Burress was so soft-spoken during his apologetic courtroom address that onlookers could not understand him.
Burress, at the time a star receiver with the New York Giants, was at the Latin Quarter nightclub in Manhattan last November when a gun tucked into his waistband slipped down his leg and fired, wounding him in the thigh.
The gun was not licensed in New York or in New Jersey, where Burress lived. His license to carry a concealed weapon in Florida had expired in May 2008.
He had been indicted on two counts of weapons possession and one count of reckless endangerment, but under a plea deal reached Aug. 20, Burress agreed to a single, lesser charge of attempted criminal possession of a weapon.
No charges were filed against Giants linebacker Antonio Pierce, who was with Burress the night of the incident, drove him to the hospital and took the gun to his home in New Jersey before arranging to have it returned to Burress.
With time off for good behavior, Burress likely will serve 20 months. He could be released from prison as early as the spring of 2011 and will be monitored an additional two years after he is freed.
Burress hired a consultant to teach him how to use his time in prison productively.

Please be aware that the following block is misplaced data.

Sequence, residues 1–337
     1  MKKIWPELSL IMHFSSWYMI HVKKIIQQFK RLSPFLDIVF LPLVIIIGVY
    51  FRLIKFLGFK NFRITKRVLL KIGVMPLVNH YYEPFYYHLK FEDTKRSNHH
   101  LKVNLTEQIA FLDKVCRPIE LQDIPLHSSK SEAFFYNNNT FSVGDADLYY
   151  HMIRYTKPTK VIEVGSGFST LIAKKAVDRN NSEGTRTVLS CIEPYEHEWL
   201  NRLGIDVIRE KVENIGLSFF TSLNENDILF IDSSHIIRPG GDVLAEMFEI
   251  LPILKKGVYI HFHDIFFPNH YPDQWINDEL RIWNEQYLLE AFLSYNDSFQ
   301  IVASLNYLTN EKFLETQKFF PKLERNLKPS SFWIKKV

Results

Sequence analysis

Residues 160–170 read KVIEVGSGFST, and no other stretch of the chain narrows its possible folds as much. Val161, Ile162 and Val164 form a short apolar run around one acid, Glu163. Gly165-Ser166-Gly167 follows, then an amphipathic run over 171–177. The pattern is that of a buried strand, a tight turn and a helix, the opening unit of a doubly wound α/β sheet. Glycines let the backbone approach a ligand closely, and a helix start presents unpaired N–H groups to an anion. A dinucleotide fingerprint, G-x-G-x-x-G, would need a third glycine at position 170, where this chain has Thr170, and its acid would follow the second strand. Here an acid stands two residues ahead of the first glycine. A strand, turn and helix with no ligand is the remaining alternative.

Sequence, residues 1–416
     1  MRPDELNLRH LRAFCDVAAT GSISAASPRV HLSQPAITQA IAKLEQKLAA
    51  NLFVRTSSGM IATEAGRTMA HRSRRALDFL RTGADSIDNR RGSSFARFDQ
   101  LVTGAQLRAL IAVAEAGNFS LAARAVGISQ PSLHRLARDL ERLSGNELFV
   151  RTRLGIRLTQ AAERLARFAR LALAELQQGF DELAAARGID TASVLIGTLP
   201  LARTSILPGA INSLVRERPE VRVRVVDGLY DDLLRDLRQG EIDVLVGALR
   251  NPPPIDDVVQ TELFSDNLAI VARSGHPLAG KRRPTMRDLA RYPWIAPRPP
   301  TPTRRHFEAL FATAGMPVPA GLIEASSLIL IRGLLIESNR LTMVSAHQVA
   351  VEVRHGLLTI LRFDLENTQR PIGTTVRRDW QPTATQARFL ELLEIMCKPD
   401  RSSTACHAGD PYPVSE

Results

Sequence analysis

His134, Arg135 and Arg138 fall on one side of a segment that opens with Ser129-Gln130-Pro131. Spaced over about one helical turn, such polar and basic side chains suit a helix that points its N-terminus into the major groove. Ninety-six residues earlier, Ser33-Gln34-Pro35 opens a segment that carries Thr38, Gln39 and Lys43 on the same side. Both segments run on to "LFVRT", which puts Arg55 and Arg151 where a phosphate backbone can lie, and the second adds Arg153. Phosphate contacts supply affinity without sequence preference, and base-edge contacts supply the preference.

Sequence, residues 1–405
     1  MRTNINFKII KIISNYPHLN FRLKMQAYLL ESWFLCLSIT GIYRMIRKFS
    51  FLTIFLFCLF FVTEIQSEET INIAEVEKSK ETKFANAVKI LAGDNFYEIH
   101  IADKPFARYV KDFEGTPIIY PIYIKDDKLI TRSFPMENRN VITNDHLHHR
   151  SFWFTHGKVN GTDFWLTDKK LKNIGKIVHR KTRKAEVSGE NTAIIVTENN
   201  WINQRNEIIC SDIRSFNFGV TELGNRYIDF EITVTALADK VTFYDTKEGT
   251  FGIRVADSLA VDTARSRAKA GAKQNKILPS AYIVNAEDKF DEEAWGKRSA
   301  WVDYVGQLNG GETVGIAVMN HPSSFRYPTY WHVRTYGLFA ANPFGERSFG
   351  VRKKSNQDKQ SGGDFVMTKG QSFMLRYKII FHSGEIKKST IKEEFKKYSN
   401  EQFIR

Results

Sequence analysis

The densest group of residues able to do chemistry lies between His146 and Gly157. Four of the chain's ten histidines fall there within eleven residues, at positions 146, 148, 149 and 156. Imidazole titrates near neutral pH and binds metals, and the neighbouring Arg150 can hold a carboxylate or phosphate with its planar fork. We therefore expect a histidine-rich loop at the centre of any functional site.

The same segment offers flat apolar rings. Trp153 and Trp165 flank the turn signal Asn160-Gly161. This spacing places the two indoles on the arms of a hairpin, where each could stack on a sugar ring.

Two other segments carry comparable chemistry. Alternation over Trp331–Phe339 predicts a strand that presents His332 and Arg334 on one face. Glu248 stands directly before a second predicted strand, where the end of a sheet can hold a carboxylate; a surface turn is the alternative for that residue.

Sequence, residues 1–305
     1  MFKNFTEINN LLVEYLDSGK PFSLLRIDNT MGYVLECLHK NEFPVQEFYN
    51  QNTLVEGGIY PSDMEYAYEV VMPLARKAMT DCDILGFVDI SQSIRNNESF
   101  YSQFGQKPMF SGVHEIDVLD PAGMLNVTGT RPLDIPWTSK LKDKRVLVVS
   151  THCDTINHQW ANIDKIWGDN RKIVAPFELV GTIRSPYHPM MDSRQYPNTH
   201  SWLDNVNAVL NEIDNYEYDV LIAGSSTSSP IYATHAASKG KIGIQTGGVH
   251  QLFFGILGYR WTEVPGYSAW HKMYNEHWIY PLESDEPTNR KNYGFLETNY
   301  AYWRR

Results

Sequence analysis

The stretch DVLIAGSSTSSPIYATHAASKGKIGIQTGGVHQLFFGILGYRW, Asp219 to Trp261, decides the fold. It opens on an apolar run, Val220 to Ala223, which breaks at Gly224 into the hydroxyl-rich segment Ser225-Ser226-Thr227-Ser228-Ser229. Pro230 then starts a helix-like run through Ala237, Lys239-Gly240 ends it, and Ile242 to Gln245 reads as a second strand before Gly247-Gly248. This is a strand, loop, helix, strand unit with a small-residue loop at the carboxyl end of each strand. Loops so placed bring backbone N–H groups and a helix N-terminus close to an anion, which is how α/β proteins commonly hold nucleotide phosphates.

The Giants released Burress in April, but the 32-year-old told ESPN he hopes to resume his NFL career when he completes his sentence.
"When I get out, I'll be 33, not 43," Burress said in an interview broadcast in August. "I'll still be able to run and catch. I'll still have the God-given ability to snag footballs; that's what I love to do. Of course, I want to play again."
Gil Brandt, an analyst on NFL Sirius Radio and the former head of player personnel for the Dallas Cowboys, said Burress won't be too old for a comeback when he's released from prison.
"First of all, Plaxico is a guy who keeps himself in pretty good shape," Brandt said. "Lots of times guys get heavy in the off-season. He is not a guy who has done that."
Burress is suspended by the NFL, but the league said he will be reinstated after he completes his prison sentence.
The star receiver played collegiately for Michigan State and in 2000 was drafted by the Pittsburgh Steelers, where he built a reputation as one of the league's top deep threats. He signed as a free agent with the Giants before the 2005 season.
His attorney, Benjamin Brafman, said previously that Burress was thinking of his family - including his wife and young son, Elijah - in taking the plea, but Brafman questioned the fairness of the recommended prison sentence.
"This was not an intentional criminal act," Brafman said the day of the plea. "In my judgment, a two-year prison sentence is a very severe punishment."
Before sentencing Tuesday, Brafman called Burress "a fundamentally decent man."
"This is a very real tragic case in many, many ways," Brafman said.
Copyright 2009 by The Associated Press